Tales of the Sausage Factory

This Is Ready From Day 1?

In his most recent emphatic response to the financial crisis that cannot in any way be blamed on the former Chairman of the Senate Commerce Committee (because really, it was those bozos over at Banking, Housing and Urban Affairs and possibly the folks over at the Judiciary’s Subcommittee on Antitrust), former Deregulator turned Regulatory Hawk John McCain told a cheering crowd of supporters that if he were President he would fire SEC Chairman Christopher Cox.

“The chairman of the SEC serves at the appointment of the president and in my view has betrayed the public’s trust,” McCain said. “If I were president today, I would fire him.”

Firey, determined, definitely a stern rebuke to the Bush Administration and its lackeys who — although confirmed by McCain and the rest of the Republican Senate back in 2005 despite nasty bad bad partisan allegations that Cox had been involved in some shady investment schemes — certainly have nothing to do with McCain the Reformer!

Except, of course, that the Chairman of the SEC does not serve at the pleasure of the President and cannot be “fired,” only impeached by Congress. The President can “demote” Cox by redesignating someone else on the Commission as Chairman — which would probably prompt a Chair to resign before letting that happen. But still, saying you would fire someone you have no authority to fire? This is ready from Day 1?

I suppose I could give McCain the benefit of the doubt and assume he knows the actual law, and that he was just shorthanding “I can’t actually fire him, but I would certainly embarrass him and harass him out of a job faster than a Wasilla Librarian who refused to censor books!” To the more dramatic “I would fire him and then be all embarrassed when I was told I can’t actually do that.” But either way, it’s a pretty stupid response when McCain spent all his time as Chair of the Commerce Committee perfectly happy with the way the SEC regulated the financial sector. (I know, I know, wrong committee, not my fault . . . .)

Stay tuned . . . .

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Tales of the Sausage Factory

It's Nice When the FCC Listens Part II — The Cyren Call Investigation Is Out.

When it rains, it positively pours. The FCC just released its Inspector General Report on whether Cyren Call screwed up the D Block. As readers may recall, I and my friends from the Public Interest Spectrum Coalition (PISC) sent a letter to the FCC as soon as the auction ended, asking the FCC to investigate the allegations over whether Cyren Call scared away D Block bidders. To his credit, Martin referred our letter to the FCC’s inspector general. The IG did a quick and thorough job, which you can read here. I shall add that it always gives one pause to find oneself as a subject heading in an IG report.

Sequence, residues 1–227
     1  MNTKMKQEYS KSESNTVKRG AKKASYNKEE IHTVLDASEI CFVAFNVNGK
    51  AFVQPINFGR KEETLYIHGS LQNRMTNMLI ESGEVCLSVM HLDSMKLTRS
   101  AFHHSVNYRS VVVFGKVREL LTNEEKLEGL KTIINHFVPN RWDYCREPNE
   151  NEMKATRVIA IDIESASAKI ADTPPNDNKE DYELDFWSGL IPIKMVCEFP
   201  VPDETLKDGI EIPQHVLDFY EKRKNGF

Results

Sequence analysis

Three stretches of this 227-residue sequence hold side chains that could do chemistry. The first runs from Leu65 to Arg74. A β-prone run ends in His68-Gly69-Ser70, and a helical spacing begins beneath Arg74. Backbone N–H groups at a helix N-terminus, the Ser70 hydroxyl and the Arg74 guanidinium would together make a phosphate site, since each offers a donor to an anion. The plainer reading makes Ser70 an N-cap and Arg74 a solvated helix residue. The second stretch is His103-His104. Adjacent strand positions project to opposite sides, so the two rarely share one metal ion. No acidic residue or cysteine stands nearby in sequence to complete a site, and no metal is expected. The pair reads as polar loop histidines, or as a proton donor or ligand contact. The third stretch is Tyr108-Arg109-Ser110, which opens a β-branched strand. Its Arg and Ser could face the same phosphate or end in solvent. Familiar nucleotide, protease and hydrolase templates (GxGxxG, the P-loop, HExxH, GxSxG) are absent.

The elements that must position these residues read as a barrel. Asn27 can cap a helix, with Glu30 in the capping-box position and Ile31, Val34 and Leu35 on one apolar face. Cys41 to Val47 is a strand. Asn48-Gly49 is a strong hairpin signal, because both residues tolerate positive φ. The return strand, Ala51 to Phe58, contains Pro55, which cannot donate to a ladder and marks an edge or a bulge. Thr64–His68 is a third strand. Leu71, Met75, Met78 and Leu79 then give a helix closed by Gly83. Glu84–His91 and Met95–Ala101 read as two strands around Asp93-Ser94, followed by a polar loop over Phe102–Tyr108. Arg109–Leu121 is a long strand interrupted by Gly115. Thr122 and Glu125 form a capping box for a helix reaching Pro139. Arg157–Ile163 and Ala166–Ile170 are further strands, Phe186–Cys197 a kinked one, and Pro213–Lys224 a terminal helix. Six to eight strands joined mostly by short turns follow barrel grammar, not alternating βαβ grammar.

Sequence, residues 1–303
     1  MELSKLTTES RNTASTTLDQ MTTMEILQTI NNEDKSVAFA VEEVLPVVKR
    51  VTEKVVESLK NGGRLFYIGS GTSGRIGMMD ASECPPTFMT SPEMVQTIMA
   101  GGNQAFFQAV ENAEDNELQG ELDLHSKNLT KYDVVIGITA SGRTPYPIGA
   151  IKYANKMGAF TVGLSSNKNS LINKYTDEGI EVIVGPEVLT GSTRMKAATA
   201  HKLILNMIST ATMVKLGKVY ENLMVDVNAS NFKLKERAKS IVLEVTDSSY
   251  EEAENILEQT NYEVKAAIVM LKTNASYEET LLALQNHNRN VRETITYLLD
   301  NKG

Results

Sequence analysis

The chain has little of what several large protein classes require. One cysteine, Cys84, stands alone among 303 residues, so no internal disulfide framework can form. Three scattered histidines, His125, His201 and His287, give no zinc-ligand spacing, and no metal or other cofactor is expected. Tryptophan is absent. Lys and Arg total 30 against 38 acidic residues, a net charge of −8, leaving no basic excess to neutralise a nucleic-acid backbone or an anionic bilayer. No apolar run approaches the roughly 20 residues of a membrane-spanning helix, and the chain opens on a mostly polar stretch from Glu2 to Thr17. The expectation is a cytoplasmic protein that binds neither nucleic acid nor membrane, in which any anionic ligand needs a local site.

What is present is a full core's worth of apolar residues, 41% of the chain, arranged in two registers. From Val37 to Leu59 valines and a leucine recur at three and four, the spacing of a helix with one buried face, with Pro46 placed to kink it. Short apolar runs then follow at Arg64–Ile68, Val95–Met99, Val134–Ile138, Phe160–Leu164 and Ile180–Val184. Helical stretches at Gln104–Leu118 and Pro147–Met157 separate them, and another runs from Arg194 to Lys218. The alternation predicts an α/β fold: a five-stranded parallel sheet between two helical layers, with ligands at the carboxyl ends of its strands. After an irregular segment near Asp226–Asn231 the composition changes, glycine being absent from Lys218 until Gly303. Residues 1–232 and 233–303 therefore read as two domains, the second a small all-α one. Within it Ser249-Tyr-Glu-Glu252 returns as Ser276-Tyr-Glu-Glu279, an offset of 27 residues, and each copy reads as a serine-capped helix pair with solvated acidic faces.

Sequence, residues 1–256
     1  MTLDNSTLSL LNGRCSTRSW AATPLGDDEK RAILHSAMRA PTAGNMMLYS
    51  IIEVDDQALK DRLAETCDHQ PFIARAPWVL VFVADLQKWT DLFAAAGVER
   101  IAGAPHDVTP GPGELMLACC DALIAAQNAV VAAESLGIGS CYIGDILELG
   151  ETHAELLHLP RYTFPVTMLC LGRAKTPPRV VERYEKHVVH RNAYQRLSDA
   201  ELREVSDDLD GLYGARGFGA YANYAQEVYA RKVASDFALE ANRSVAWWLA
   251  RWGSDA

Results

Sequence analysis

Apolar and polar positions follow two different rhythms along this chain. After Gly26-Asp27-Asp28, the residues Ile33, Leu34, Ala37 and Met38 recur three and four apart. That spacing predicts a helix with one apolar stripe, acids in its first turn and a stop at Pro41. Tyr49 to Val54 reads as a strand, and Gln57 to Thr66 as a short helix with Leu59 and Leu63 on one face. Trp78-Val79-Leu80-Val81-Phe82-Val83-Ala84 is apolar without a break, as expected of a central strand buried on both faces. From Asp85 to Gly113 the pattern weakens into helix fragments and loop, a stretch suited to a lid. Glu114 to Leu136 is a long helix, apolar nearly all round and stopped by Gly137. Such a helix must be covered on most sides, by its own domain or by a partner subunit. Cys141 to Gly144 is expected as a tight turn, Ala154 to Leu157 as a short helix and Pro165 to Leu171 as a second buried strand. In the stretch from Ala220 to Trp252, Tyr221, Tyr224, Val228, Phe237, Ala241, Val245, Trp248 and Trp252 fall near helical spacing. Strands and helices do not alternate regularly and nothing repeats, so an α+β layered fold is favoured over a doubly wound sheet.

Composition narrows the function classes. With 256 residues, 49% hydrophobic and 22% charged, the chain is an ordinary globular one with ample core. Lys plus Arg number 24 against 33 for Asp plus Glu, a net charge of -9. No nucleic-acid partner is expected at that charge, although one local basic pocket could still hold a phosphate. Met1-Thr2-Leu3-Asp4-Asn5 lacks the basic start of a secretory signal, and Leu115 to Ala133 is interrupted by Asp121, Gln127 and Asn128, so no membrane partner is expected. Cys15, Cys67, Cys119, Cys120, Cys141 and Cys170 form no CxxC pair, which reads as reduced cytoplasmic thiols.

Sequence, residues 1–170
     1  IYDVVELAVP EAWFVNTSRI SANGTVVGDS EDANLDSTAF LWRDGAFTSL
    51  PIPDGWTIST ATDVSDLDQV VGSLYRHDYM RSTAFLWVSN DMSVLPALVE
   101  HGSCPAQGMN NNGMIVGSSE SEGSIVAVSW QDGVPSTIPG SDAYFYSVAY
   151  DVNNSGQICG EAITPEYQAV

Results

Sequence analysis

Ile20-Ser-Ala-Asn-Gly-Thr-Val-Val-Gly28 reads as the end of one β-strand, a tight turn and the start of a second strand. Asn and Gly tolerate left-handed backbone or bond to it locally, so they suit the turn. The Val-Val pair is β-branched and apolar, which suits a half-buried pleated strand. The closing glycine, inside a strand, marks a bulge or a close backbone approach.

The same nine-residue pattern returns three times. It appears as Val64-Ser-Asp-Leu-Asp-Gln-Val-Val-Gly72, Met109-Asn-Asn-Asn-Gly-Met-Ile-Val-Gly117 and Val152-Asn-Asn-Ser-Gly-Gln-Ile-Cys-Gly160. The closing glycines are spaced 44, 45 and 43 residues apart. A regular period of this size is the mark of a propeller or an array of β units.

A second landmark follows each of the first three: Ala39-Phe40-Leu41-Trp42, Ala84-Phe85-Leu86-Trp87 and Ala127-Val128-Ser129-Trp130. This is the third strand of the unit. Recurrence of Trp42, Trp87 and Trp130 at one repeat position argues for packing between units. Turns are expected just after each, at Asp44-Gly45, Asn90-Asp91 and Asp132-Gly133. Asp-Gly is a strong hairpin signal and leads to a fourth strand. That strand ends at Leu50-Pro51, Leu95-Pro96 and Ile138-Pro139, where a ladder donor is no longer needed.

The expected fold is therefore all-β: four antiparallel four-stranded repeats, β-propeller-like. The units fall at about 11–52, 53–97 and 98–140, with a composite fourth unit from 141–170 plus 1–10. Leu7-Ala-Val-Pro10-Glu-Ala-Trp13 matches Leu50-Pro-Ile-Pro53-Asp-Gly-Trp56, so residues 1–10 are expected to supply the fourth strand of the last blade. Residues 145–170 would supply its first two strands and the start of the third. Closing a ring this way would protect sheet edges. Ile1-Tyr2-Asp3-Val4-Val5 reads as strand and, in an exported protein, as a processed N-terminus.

Generally, I’m satisfied with the report, which confirms my own suppositions after the anticollusion rules lifted and Cyren Call started yapping. Critically:

1) The meetings took place;

2) They were understood by all participants to be business negotiations, not “take it or leave it” demands;

3) The lease payment itself was not a deal breaker, but the potential bidders interviewed said that so many questions about potential financial liability and business model remained — aggravated in part by the uncertain role of Cyren Call — that they opted to stay away (or, as the IG concludes “this was just one drop in many different buckets”);

4) No FCC rules were broken and no one acted in bad faith, therefore there is no need for a referral for any criminal investigation.

Personal reflections below . . . .

Read More »

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Tales of the Sausage Factory

Quick 700 MHz Updates

First, we at PISC have sent a letter to the FCC asking the FCC to sever the D Block issues, announce the winners of the rest of the auction, and thoroughly investigate the allegations around Cyren Call and its pre-auction discussion with Frontline. (Martin has apparently already circulated something that severs D Block, so they can announce results as soon as the other Commissioners vote and the wireless bureau finishes the necessary housekeeping.)

Perhaps more importantly for the long run, we ask that the FCC take a hard look at whether to try to fix the public/private partnership or possibly do something else. The FCC has a lot of options here. And with the auction clearing over $19 Billion and the statutory requirement to start an auction before January 28, 2008 fulfilled, the money pressure and time pressure are off. We have time to have a public process and do it right.